CHICAGO—A pair of crystal chandeliers illuminate the open bar stocked with infused waters and teas rich in antioxidants. Around the room, trendy air-purifying fiddle-leaf fig plants draw your eye up to the recessed gold ceiling. And a row of bistro tables line the wall of French-style windows, which are likely to be open on warmer Chicago days.
The Clark isn't a chic new bistro. It's Swedish Covenant Health's Instagram-worthy outpatient clinic. Beyond the gilt-edged waiting room are nine exam rooms and a phlebotomy lab, among other traditional, yet posh, health center fixtures. The 3,500-square-foot clinic, scheduled to open Feb. 28, is just one example of a trend that's sweeping the healthcare industry.
From aesthetic improvements to the creation of mixed-use spaces, hospitals and clinics are upgrading interiors to attract and retain patients, as well as skilled clinicians—and even create new revenue streams. The focus on design comes at a time when organizations rooted in inpatient care are building new outpatient sites in response to pressures for lower-cost treatment settings.
High-end design touches don't add much to the overall cost of such projects. Swedish Covenant Health spent nearly $1.5 million on its new multispecialty clinic, which also includes a host stand in place of a front desk and various seating options to accommodate patients' needs.
Crediting ROLD Design, the physical and digital design firm that spearheaded the project, Swedish Covenant CEO Anthony Guaccio says the clinic didn't cost any more to create than a conventional health center would have.
"Rarely are these decisions about spending more money," says Randy Guillot, principal and global health and wellness leader at Gensler, which worked on the new professional building for Cook County Health, Chicago's public health system. "It's about being smarter and doing more with less."
The nine-story, 282,000-square-foot outpatient clinic and administrative hub cost a total of $128 million. In addition to walls of windows that let in natural light, the professional building integrates nature through soothing photos of forests and streams.
Health systems have also needed to focus more on building physical spaces and cultures that attract employees and combat costly turnover. Guaccio says recruiting top talent for the Clark is easier now than it's ever been for other facilities.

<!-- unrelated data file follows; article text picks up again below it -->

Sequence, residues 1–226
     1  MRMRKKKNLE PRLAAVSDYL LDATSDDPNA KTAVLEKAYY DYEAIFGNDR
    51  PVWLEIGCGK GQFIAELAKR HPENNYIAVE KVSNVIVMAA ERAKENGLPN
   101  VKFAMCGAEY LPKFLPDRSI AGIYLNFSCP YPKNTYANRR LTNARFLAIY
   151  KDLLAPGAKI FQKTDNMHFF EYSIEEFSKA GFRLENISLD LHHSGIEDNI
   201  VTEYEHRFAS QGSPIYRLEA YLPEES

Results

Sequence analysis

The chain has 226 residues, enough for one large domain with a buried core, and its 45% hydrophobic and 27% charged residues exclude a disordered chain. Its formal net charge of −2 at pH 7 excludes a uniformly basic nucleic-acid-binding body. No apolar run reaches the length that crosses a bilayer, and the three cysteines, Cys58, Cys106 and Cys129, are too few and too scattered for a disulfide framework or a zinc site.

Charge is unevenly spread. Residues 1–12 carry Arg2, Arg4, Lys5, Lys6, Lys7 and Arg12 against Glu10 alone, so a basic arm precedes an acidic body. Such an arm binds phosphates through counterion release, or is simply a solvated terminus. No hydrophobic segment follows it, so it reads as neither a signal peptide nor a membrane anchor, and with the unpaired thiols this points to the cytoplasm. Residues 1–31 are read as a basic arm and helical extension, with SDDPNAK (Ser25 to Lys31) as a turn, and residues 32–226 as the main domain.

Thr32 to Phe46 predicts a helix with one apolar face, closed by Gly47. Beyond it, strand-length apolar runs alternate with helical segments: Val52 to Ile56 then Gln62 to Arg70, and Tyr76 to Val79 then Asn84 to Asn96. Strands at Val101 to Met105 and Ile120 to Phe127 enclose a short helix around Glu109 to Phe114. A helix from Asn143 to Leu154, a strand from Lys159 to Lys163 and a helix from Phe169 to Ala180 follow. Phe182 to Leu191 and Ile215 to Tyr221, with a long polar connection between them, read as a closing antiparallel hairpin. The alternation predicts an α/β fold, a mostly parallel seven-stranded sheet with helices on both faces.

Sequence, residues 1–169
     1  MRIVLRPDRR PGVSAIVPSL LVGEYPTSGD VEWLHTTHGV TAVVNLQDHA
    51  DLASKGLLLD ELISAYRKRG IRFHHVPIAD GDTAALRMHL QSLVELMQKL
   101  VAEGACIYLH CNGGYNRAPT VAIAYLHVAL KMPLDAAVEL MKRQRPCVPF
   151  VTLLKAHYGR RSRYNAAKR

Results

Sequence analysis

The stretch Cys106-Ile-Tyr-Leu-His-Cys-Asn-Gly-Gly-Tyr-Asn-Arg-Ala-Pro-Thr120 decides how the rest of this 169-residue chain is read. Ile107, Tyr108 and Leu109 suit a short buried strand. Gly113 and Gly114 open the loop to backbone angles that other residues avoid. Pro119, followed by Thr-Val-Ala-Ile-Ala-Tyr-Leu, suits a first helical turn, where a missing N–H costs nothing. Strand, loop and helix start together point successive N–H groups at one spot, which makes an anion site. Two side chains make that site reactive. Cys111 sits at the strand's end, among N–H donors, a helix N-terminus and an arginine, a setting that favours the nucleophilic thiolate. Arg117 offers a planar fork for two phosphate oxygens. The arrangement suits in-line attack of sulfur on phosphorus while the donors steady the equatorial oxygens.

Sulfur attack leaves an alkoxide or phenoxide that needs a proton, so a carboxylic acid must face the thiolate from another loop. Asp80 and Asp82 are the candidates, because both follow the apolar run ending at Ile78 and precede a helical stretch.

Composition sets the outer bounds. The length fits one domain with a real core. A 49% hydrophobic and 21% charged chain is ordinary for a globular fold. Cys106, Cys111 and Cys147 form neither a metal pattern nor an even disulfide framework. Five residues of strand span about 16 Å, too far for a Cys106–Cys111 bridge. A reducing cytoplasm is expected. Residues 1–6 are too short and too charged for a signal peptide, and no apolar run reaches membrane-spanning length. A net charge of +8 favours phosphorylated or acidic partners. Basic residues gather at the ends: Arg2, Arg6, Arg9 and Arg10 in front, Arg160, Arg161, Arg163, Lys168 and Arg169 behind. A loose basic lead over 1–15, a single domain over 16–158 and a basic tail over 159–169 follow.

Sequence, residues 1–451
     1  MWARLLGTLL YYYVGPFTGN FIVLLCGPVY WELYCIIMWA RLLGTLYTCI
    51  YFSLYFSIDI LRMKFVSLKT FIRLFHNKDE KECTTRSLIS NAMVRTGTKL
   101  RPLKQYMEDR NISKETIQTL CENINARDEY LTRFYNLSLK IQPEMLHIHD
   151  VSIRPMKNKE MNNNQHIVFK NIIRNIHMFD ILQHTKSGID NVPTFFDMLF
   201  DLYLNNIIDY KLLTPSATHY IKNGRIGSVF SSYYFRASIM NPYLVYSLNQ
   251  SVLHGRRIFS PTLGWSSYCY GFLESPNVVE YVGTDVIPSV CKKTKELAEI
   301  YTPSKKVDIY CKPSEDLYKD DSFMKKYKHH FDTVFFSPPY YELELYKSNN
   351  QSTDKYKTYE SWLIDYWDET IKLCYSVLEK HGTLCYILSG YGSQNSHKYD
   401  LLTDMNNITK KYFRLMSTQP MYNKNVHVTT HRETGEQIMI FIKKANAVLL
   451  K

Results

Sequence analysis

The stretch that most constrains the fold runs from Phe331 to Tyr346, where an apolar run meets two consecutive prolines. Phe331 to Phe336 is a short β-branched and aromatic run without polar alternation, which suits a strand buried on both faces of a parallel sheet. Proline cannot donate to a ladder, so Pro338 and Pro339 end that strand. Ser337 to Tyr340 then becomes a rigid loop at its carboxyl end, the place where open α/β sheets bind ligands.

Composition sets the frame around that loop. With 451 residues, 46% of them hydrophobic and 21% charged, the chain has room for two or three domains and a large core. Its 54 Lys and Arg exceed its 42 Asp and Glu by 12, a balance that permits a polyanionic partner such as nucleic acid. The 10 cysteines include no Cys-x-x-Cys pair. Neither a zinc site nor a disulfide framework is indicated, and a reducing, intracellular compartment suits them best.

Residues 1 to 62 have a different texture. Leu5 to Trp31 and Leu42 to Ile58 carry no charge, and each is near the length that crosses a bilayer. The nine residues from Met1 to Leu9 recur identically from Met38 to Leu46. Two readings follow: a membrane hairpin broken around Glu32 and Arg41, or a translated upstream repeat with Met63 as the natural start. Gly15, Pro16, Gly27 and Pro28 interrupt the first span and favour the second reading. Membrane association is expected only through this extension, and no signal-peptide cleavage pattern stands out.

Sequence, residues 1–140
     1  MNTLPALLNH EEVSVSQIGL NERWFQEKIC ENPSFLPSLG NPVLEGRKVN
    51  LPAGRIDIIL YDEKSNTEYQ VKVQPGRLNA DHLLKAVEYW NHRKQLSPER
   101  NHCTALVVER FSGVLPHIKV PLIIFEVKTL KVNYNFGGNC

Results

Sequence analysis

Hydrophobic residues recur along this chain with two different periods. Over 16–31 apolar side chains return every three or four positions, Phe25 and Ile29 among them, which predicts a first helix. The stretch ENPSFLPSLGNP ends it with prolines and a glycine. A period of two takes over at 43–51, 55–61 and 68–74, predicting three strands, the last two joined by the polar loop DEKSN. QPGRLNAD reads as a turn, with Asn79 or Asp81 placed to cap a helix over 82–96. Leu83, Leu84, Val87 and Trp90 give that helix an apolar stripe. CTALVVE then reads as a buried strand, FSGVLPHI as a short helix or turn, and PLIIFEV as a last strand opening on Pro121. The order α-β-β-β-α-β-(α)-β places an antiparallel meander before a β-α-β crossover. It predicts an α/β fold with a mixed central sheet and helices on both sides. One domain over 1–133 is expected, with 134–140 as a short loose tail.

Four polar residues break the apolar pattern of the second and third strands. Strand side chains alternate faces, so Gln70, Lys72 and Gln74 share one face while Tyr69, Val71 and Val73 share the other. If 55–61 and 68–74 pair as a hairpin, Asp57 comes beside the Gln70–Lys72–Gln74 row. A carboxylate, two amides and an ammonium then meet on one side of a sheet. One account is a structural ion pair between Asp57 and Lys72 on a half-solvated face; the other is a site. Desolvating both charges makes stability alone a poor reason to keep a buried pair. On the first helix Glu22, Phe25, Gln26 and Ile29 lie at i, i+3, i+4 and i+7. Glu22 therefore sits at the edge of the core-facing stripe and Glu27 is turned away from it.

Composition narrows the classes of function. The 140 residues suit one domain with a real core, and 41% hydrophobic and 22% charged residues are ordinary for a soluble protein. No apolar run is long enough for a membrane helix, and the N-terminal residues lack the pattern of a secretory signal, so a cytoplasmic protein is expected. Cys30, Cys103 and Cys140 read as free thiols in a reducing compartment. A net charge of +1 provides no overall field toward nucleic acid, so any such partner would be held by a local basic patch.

Many firms will say they design around the patient, but it's equally important to keep caregivers and staff in mind, says Steve Blye, creative director and associate director of healthcare at Chicago-based Legat Architects. Facilities should make staff comfortable, reduce their stress and also limit the amount of time they spend walking from one point to the next, he adds.
Amid fierce market competition and the shift from volume- to value-based care, design is now viewed as more of an experience. It's why, in addition to clinical qualifications, Guaccio hired doctors with certain communication styles to ensure patients would feel comfortable at the Clark. Gillian Ryan, president and CEO of ROLD Design, says positive patient experiences aren't created by "just putting in new furniture and wall color. We had to get down to the website experience, the booking experience, the 'I walk through the door and I'm greeted' experience."
For Guillot, the most interesting and sustainable healthcare environments are multiuse spaces that allow programs to evolve over time. It just so happens that such spaces are among the fastest-growing market segments. In addition to the newsstands and florists that have historically set up in hospitals, more than 20 coffee shops and restaurants can be found on Northwestern Medicine's campus in downtown Chicago. The tenants provide additional revenue streams that can help offset operating expenses.
Northwestern Memorial Hospital "has totally integrated itself into the community, and it has set a real national precedent for other health systems," says Guillot.
Swedish Covenant already plans to offer its Andersonville waiting room, when the clinic is closed, to residents for baby showers and other events.
"If you're in the neighborhood and you want a place to sit down, have a cup of coffee and connect to Wi-Fi, we're going to welcome that," Guaccio says. "It's designed so people will want to do just that. It becomes more of a community gathering place than just a place where you see your doctor."